US proposes sweeping new food safety rules (Update)

January 4, 2013 by Mary Clare Jalonick

The U.S. Food and Drug Administration on Friday proposed the most sweeping food safety rules in decades, requiring farmers and food companies to be more vigilant in the wake of deadly outbreaks in peanuts, cantaloupe and leafy greens.

The long-overdue regulations are aimed at reducing the estimated 3,000 deaths a year in the U.S. from foodborne illness. Just since last summer, outbreaks of listeria in cheese and salmonella in peanut butter, mangoes and cantaloupe have been linked to more than 400 illnesses and as many as seven deaths, according to the Centers for Disease Control. The actual number of those sickened is likely much higher.

The FDA's proposed rules would require farmers to take new precautions against contamination, to include making sure workers' hands are washed, irrigation water is clean, and that animals stay out of fields. Food manufacturers will have to submit food safety plans to the government to show they are keeping their operations clean.

Many responsible food companies and farmers are already following the steps that the FDA would now require them to take. But officials say the requirements could have saved lives and prevented illnesses in several of the large-scale outbreaks that have hit the country in recent years.

In a 2011 outbreak of listeria in cantaloupe that claimed 33 lives, for example, FDA inspectors found pools of dirty water on the floor and old, dirty processing equipment at Jensen Farms in Colorado where the cantaloupes were grown. In a peanut butter outbreak this year linked to 42 salmonella illnesses, inspectors found samples of salmonella throughout Sunland Inc.'s peanut processing plant in New Mexico and multiple obvious safety problems, such as birds flying over uncovered trailers of peanuts and employees not washing their hands.

Under the new rules, companies would have to lay out plans for preventing those sorts of problems, monitor their own progress on those safety efforts and explain to the FDA how they would correct them.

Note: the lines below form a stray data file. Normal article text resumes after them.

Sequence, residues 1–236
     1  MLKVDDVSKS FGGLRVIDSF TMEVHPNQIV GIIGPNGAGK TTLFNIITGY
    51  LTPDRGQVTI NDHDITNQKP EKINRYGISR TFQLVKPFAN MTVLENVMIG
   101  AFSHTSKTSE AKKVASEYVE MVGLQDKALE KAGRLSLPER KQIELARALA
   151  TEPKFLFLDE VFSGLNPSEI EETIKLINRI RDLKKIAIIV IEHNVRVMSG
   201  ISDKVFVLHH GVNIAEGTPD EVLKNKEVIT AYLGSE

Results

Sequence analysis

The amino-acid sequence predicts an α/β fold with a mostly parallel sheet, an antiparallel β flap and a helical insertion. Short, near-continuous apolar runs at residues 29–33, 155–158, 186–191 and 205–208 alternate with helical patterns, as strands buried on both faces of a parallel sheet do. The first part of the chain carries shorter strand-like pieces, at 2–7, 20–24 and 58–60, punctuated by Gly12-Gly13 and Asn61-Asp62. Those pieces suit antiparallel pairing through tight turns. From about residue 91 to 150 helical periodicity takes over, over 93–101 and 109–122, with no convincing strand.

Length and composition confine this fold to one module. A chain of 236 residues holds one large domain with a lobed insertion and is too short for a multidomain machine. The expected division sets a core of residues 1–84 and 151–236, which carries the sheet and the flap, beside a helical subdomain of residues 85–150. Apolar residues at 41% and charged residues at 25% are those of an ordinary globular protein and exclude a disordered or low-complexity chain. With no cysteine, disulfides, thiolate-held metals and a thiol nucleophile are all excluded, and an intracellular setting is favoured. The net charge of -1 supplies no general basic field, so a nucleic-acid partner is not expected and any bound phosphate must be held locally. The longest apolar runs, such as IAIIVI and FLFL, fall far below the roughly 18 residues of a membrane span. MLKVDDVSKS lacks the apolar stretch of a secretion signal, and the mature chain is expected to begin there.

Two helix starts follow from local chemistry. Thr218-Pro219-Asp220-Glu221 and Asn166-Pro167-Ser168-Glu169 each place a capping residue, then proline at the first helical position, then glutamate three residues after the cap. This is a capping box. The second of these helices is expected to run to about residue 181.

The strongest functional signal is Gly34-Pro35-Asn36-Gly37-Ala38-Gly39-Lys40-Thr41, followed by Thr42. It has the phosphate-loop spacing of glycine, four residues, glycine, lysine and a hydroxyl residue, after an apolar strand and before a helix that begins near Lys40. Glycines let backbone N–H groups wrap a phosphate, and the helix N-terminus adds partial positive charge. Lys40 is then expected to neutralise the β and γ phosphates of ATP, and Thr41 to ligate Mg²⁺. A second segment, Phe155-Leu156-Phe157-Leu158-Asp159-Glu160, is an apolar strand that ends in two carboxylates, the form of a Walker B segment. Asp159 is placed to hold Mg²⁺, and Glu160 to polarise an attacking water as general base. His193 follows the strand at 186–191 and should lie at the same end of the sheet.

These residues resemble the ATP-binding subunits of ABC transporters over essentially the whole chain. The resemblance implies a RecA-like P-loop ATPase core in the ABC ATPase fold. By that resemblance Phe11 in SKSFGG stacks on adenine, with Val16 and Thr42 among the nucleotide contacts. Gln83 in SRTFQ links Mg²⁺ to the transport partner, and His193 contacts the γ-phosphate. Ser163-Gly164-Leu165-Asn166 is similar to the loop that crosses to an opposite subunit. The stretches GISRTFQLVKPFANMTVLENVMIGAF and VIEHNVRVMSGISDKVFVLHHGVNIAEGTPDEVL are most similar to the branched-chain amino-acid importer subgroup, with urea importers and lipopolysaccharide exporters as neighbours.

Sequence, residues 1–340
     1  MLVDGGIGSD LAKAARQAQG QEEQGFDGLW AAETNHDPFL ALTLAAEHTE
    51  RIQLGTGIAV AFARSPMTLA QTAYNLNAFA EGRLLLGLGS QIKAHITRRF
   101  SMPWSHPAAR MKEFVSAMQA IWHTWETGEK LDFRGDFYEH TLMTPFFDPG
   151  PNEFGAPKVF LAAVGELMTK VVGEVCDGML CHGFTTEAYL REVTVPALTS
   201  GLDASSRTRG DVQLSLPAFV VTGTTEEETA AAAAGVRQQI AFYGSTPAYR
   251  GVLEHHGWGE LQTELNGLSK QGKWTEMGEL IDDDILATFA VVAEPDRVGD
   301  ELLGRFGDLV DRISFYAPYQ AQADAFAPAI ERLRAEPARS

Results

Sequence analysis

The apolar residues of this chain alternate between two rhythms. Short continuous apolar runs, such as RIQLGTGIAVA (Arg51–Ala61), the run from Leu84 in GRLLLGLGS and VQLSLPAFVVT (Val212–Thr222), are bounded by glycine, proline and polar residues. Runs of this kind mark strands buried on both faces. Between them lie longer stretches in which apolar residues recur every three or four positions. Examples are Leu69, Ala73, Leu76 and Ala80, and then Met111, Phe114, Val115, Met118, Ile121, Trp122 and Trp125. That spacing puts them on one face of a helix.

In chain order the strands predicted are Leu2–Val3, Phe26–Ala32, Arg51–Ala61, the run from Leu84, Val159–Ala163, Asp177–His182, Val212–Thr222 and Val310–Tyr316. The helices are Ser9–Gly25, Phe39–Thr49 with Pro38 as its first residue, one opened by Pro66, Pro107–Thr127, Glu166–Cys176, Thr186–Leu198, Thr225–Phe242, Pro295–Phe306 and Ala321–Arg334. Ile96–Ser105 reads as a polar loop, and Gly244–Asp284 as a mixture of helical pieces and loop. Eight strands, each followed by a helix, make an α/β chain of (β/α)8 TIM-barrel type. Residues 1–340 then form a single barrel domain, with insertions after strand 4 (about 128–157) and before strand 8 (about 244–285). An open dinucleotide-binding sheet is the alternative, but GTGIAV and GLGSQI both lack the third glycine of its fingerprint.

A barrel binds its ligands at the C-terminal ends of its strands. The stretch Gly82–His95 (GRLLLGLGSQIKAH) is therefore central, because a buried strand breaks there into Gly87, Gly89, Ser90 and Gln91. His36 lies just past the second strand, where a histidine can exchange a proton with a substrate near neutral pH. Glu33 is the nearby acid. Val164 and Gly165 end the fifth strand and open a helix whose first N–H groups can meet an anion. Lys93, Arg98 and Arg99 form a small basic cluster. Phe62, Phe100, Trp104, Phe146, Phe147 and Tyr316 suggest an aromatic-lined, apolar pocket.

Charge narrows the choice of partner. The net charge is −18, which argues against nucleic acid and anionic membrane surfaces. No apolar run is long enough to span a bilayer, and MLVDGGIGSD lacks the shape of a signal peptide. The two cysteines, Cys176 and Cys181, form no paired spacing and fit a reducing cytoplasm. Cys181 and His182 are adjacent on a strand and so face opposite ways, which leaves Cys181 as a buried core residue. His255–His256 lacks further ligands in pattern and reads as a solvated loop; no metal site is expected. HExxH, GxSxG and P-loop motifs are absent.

"The rules go very directly to preventing the types of outbreaks we have seen," said Michael Taylor, FDA's deputy commissioner for foods.

The FDA estimates the new rules could prevent almost 2 million illnesses annually, but it could be several years before the rules are actually preventing outbreaks. Taylor said it could take the agency another year to craft the rules after a four-month comment period, and farms would have at least two years to comply—meaning the farm rules are at least three years away from taking effect. Smaller farms would have even longer to comply.

The new rules, which come exactly two years to the day President Barack Obama's signed food safety legislation passed by Congress, were already delayed. The 2011 law required the agency to propose a first installment of the rules a year ago, but the Obama administration held them until after the election. Food safety advocates sued the administration to win their release.

The produce rule would mark the first time the FDA has had real authority to regulate food on farms. In an effort to stave off protests from farmers, the farm rules are tailored to apply only to certain fruits and vegetables that pose the greatest risk, like berries, melons, leafy greens and other foods that are usually eaten raw. A farm that produces green beans that will be canned and cooked, for example, would not be regulated.

Such flexibility, along with the growing realization that outbreaks are bad for business, has brought the produce industry and much of the rest of the food industry on board as Congress and FDA has worked to make food safer.

In a statement Friday, Pamela Bailey, president of the Grocery Manufacturers Association, which represents the country's biggest food companies, said the food safety law "can serve as a role model for what can be achieved when the private and public sectors work together to achieve a common goal."

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ForFreeMinds
1 / 5 (1) Jan 05, 2013
All this "regulation" is unnecessary. After all, "Many responsible food companies and farmers are already following the steps that the FDA would now require them to take". And the financial impact to producers whose food turns our to harm people is enough to get producers to be careful. History shows that food safety was improving without government regulation. These rules favor large firms and be quite a burden to smaller firms. E.G., they require tagging of all chickens if they aren't kept together from birth to butcher, and that means changing the tag 5 times as they grow. That alone will likely add more than a dollar to the price of a chicken, or, more likely, drive out farmers who don't raise them in huge lots.

Regulation creates industry cartels, inhibits innovation, discriminates against new businesses, and creates an unholy alliance between industry and government. The best regulator is the free market.

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